Black women are more likely than white women to die in pregnancy or childbirth1. Women from Asian ethnic backgrounds face a twofold risk, and women living in the most deprived areas of the UK are almost three times more likely to die than those in the most affluent areas2.
These inequalities are unacceptable. The Eastern Patient Safety Collaborative is delivering the Maternity and Neonatal Safety Improvement Programme (MatNeoSIP), working with all maternity and neonatal providers in our region on a range of key improvement workstreams aimed at reducing the rate of stillbirths, neonatal death and brain injuries. Two of the key enablers underpinning this work are addressing health inequalities and considering the safety culture of the organisation.
As quality improvement professionals it’s vital that we understand the causes of inequalities and instil a culture of curiosity about how our assumptions, processes and services affect people from different cultures differently. But this is easier said than done. So often people are interested in making improvements and addressing disparities within systems but don’t feel they have the knowledge or experience to act and bring about change. This is why a patient safety focussed culture which empowers staff is key in addressing health inequalities.
Back in 1871, Edward Tylor, an anthropologist, described culture as an umbrella term which encompasses the social behaviour and norms found in human societies, as well as the knowledge, beliefs, arts, laws, customs, capabilities, and habits of the individuals in these groups3. We talk about cultures within organisations and providers and how this can impact care, but understanding our own culture is only one side of the equation. To truly provide excellent care to all groups within society we need to understand nuances in cultures within our patient populations by asking two questions:
In 2021, as part of NHS England and NHS Improvement’s drive to address health inequalities, the East of England Regional Maternity and Clinical Network supported the delivery of a series of cultural awareness workshops in partnership with the East of England Local Government Association.
These workshops delivered to healthcare professionals and patient representatives across maternity and neonatal services and were led by facilitators representing their communities; Roma, LGBTQ+, African, Orthodox Jewish, Gypsy and Traveller, Muslim and Asian, Eastern European as well as asylum-seekers and refugees. The focus was to understands not just what healthcare professionals wanted to learn, but also what these community groups wanted us to learn to understand them better. We did this to ensure that when we talked about culture, we were engaging the people from those communities and learning from their experiences in their own words.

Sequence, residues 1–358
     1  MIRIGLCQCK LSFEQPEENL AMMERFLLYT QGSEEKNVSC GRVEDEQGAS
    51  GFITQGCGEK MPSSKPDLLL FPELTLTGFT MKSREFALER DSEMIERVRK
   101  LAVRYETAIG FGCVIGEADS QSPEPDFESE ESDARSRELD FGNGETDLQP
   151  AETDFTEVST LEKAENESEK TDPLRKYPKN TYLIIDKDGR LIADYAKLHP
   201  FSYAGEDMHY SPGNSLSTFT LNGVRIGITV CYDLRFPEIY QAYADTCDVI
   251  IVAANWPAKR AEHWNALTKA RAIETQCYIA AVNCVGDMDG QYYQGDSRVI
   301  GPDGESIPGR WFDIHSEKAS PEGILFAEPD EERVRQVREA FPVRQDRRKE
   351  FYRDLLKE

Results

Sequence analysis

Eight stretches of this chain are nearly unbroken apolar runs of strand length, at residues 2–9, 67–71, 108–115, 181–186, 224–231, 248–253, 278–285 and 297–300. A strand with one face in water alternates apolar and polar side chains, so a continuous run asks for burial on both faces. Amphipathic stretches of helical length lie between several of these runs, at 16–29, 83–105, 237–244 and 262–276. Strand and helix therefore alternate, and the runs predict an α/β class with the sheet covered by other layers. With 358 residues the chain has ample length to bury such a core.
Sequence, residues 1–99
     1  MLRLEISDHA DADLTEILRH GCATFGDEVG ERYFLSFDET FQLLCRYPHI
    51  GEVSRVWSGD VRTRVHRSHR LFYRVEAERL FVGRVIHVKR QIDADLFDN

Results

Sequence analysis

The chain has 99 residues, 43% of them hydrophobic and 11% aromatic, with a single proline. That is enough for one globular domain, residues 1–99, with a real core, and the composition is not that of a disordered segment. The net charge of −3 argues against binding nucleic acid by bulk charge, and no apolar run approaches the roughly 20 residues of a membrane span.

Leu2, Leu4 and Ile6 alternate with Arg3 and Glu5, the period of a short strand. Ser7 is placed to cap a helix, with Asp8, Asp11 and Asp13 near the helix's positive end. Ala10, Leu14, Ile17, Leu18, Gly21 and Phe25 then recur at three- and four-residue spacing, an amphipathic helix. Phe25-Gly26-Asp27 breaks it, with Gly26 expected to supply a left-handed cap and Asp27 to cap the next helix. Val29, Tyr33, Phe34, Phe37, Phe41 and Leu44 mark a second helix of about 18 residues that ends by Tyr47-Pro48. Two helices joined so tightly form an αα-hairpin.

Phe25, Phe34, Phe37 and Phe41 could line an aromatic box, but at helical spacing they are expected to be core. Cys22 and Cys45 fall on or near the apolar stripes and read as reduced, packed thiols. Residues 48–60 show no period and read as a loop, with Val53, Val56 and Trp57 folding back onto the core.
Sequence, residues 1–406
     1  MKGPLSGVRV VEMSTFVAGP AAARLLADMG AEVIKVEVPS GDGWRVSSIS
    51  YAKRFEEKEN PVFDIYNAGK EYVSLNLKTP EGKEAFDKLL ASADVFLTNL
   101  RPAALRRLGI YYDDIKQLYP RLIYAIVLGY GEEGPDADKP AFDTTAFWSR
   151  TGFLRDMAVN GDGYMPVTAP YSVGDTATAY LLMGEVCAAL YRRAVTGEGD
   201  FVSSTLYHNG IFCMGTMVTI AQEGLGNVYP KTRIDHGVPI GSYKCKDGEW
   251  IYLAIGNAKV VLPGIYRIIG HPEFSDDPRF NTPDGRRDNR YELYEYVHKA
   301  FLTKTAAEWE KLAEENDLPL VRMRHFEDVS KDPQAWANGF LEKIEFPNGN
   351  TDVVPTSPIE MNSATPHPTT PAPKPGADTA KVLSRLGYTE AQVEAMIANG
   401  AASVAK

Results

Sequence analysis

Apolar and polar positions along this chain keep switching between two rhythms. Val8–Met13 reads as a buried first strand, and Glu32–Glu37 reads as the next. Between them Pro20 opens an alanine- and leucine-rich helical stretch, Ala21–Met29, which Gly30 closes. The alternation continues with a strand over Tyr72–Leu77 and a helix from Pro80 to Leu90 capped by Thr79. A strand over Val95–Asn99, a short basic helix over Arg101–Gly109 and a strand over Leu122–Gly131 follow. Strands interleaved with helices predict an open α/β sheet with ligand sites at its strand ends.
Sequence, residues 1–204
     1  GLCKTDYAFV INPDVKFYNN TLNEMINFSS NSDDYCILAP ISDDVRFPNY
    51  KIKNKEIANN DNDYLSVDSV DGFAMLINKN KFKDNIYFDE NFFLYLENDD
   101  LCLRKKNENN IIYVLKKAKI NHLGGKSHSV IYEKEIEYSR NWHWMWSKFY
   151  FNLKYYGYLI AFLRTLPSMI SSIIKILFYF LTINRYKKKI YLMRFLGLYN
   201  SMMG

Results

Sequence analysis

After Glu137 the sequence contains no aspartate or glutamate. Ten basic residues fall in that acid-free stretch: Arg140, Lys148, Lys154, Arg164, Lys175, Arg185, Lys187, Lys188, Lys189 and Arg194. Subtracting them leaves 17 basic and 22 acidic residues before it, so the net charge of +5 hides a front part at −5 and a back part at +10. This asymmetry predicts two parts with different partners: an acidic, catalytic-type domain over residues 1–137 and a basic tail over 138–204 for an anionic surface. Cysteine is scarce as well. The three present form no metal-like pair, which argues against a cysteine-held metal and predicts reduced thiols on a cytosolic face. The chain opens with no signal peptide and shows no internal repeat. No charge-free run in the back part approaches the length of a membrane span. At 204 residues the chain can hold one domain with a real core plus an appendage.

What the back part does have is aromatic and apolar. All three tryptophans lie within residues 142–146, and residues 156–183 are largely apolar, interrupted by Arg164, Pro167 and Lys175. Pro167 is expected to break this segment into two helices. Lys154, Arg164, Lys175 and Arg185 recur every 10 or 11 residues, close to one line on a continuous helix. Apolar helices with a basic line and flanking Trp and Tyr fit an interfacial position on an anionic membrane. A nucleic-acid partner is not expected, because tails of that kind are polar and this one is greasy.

We recently published a report summarising the impact of these workshops and what they taught us about addressing the health inequalities faced by mothers and birthing people accessing maternity and neonatal services, with a view to improving mortality rates and health outcomes.
The report – Equality in Heath – Embedding Cultural Awareness in Maternity and Neonatal Care (Phase one Report) – is available for download now.
It highlights some of the inequalities ethnic minorities and seldom heard women or birthing people face within our health services, including:
So, what can we do to break these barriers? It’s simple yet difficult. The first step is spreading awareness and knowledge. We need to listen and take proactive action based on what we have learned from the communities we have engaged and keep an open dialogue to keep learning through the next phase of this work. We should broaden the access to cultural awareness/intelligence/competences training and workshops. This will start addressing some of those unconscious biases towards ethnic groups, countries, cultures, and customs. We need to ensure our homes and work environments are comfortable and safe places to discuss issues about race, racism, discrimination and the part we can all play to make meaningful changes as a member of the community or as an ally.
Secondly, we need to turn this education into actions and outputs. I hope the recommendations will empower individuals within systems to take action. An individual’s culture can determine their preferred birthing position, their choice of clothing or who is with them during childbirth. Just having a plan for such cases is a simple but effective action you can take. Services should formulate their own action plans based on the findings of our report whilst ensuring there is representation in patient and public involvement plans to regularly check for learning opportunities and further improvements can be made.
If you want to learn more about this programme or our work in delivering the Maternity and Neonatal Safety Improvement Programme (MatNeoSIP), get in touch.
You can also download the report now.
The National Patient Safety Improvement Programmes (NatPatSIPs) support a culture of safety, continuous learning and sustainable improvement across the healthcare system. They are run by the Patient Safety Collaboratives (PSCs), which are funded and nationally coordinated by NHS England and NHS Improvement and hosted locally by the Academic Health Science Networks (AHSNs).
Tendai is the Maternity Clinical Improvement Lead at Eastern AHSN.
You can follow her on twitter:[email protected]_nzirawa.
Acknowledgement: Main photo by �m�rden Cengiz on Unsplash
Reducing health inequalities needs action to be taken to address all the factors that contribute to them. Harprit Hockley, Head of Equalities and Inclusion NHS England and Improvement, outlines how we are working with our communities to take positive action.
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